Indrio development took a back seat to some other more important real world stuff for a while. I’ll get into that at a later time but right now I’m gonna focus on Indrio.
Some parts of the iTunes API are shamefully slow. The Enumerator for ITrackCollection operates in n ² time. So the time it takes to walk the list grows quadratically with the length of the list. Iterating over the list with python and calling Item is actually faster that the enumerator. That was a bit of a shock. Item() is definitely n ², access at the end of the list is much slower than at the start of the list.
Even if Apple were to fix this we are talking about 5 seconds here which would give a max speedup of 2.2 seconds. Thats still too slow for search as you type. Besides, have you ever seen what happens when you drop a 5k rows worth of table into a web page? It won’t render correctly on anything.
The real solution is to page the results. This way access to the results is fast even in the worst case scenario at the end of a large list. This is what you would do in a real GUI application anyway. Never show the user more information that then can digest and Never do processing for anything you didn’t show the user.
The search for answers to Inrdio’s speed problems lead me down a path of optimizations that tightly coupled the iTunes stuff to the web server. Some of the optimizations were good but I’m not going to pay for them with bad architecture. So I took a step back and completely abstracted everything behind three classes: AudioPlayerInterface, TrackList, & Track.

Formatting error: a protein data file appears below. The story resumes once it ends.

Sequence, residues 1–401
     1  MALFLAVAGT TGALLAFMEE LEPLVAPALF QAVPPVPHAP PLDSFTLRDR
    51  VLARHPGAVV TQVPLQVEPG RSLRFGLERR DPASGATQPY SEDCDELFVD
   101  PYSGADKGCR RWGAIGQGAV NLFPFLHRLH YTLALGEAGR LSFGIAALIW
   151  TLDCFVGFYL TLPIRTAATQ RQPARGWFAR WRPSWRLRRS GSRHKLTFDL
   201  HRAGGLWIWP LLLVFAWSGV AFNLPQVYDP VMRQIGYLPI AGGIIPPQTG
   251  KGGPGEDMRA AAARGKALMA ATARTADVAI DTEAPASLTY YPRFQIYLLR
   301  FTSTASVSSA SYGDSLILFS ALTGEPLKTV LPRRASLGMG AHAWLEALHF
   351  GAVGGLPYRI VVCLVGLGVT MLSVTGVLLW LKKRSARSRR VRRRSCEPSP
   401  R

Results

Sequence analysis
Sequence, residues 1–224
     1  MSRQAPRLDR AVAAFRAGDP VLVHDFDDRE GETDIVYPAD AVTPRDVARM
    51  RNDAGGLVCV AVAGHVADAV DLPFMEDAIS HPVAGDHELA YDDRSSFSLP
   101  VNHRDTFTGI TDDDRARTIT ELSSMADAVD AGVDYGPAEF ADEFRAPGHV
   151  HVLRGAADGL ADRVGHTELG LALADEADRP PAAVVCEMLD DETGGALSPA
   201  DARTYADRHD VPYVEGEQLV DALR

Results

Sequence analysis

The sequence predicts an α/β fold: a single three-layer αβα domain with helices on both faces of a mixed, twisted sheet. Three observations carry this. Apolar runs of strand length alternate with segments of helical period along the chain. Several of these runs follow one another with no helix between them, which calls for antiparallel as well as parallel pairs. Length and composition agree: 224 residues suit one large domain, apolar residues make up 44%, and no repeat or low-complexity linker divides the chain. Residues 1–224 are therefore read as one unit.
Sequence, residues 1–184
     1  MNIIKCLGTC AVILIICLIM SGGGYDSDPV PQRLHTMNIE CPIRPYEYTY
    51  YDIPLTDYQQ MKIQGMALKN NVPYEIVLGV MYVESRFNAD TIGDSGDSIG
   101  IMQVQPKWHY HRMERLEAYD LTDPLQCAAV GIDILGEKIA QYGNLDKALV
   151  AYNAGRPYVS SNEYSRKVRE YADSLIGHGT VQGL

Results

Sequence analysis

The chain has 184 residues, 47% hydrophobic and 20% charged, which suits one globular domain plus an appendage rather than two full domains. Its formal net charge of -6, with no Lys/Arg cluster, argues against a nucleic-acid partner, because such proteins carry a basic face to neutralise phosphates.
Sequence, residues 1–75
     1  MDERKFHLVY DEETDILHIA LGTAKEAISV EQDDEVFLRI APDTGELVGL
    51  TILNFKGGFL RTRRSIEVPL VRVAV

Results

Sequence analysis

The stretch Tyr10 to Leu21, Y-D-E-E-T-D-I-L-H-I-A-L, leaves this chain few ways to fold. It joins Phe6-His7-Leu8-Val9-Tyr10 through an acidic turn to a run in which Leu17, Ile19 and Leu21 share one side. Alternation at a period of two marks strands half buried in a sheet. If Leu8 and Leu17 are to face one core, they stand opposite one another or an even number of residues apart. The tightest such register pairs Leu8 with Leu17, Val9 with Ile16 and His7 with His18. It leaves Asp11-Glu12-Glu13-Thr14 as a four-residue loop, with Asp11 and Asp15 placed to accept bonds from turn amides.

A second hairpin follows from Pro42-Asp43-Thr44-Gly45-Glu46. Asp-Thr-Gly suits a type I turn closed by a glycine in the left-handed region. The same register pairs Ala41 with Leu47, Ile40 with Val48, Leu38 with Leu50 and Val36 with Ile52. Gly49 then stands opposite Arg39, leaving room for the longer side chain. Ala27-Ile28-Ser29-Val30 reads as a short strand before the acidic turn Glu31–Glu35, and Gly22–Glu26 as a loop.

The AudioPlayerInterface supports searching, queuing, and provides information about what songs will play/are playing. The TrackList supports the paged access to tracks, either from search results or from the playlist. Tracks are, of course, tracks with information like Artist, Title and so on.
In the iTunes implementation of TrackList is extremely fast. You construct a TrackList without having to iterate through the tracks. Then the web application module can get a page of tracks and compose them with the templating engine.
Access to Track data is done as its requested. The absolute minimum number of COM calls are made to render each template. The Track interface uses the wrapper pattern so its thin and fast. This way the tracks can support a large set of properties without having to copy each one into a temporary variable. The extra fields can be used by other templates, like the one that will render what playing now.
Expect a release (with code) as soon as I get the obvious bugs out.